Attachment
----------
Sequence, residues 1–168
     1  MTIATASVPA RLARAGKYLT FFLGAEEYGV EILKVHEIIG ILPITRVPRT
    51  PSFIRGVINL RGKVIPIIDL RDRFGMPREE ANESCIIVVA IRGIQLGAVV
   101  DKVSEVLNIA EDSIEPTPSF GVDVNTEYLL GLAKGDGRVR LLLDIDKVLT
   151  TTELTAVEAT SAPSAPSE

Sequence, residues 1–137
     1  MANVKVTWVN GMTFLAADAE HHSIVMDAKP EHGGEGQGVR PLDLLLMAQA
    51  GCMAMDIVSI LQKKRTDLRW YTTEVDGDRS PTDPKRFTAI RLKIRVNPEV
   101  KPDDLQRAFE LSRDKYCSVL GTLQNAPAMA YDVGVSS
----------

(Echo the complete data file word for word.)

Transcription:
Sequence, residues 1–168
     1  MTIATASVPA RLARAGKYLT FFLGAEEYGV EILKVHEIIG ILPITRVPRT
    51  PSFIRGVINL RGKVIPIIDL RDRFGMPREE ANESCIIVVA IRGIQLGAVV
   101  DKVSEVLNIA EDSIEPTPSF GVDVNTEYLL GLAKGDGRVR LLLDIDKVLT
   151  TTELTAVEAT SAPSAPSE

Sequence, residues 1–137
     1  MANVKVTWVN GMTFLAADAE HHSIVMDAKP EHGGEGQGVR PLDLLLMAQA
    51  GCMAMDIVSI LQKKRTDLRW YTTEVDGDRS PTDPKRFTAI RLKIRVNPEV
   101  KPDDLQRAFE LSRDKYCSVL GTLQNAPAMA YDVGVSS